Turkish legislators are proposing to widen a ban on smoking to cafes, shopping malls and wedding and congress halls, according to draft legislation.
The draft bill, which is backed by Prime Minister Recep Tayyip Erdogan's governing party, would also expand an already existing ban on tobacco advertising in the media and on television by outlawing television stations from airing movies or music videos showing people smoking.
Actors would also not be allowed to smoke on stage if the proposal is enacted. Movies and videos would likely have to cut scenes that show smoking if the proposal is enacted.
The ban does not cover bars or restaurants, but restaurants, cafeterias and hotels would be forced to provide segregated, well-aired, smoke-free zones.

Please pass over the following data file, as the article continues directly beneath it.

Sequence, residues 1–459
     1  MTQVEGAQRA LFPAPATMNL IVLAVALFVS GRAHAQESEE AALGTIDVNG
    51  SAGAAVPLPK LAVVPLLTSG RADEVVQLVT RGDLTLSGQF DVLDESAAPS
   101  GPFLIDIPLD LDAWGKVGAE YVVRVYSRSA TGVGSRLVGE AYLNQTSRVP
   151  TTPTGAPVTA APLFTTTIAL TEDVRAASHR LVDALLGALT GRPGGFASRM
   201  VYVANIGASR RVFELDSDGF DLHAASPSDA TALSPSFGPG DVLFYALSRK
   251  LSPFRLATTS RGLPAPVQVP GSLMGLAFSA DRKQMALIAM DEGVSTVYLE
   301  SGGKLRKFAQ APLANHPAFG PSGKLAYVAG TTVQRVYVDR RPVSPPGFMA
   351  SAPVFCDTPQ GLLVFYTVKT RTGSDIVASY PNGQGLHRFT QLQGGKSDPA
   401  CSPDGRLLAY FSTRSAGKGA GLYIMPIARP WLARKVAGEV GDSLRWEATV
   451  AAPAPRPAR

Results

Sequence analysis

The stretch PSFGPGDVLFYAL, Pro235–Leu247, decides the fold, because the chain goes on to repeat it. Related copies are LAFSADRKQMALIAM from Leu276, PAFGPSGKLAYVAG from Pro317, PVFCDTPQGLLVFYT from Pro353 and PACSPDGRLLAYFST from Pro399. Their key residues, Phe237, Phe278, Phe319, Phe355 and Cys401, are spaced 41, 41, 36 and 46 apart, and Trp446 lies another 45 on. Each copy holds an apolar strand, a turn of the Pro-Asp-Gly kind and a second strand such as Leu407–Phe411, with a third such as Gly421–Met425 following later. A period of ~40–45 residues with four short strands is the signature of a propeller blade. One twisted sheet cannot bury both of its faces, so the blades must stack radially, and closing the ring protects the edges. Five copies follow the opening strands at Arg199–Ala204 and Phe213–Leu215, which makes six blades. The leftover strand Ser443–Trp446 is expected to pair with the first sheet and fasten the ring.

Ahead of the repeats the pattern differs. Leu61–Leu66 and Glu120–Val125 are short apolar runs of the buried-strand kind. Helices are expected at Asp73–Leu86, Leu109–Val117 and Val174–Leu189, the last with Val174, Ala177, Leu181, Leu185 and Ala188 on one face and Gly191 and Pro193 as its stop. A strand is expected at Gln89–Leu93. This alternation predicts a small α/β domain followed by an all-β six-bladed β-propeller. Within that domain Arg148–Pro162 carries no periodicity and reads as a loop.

In 1997, Turkey banned smoking in offices with more than four workers, on public transport, in sports centers and in places providing health, education and cultural services.
It also curbed cigarette advertising and ordered health warnings on cigarette packs.
But Turks are impassioned smokers and the no-smoking signs are frequently ignored. It is not unusual to see legislators smoking beneath no-smoking signs in parliament.
The draft bill is scheduled to be taken up in parliament's health committee on Thursday. It is not clear when the bill would be brought to a vote.
Lawmakers from Erdogan's ruling Justice and Development Party who proposed the bill said some 160,000 people die annually in Turkey from smoking, the AP reports.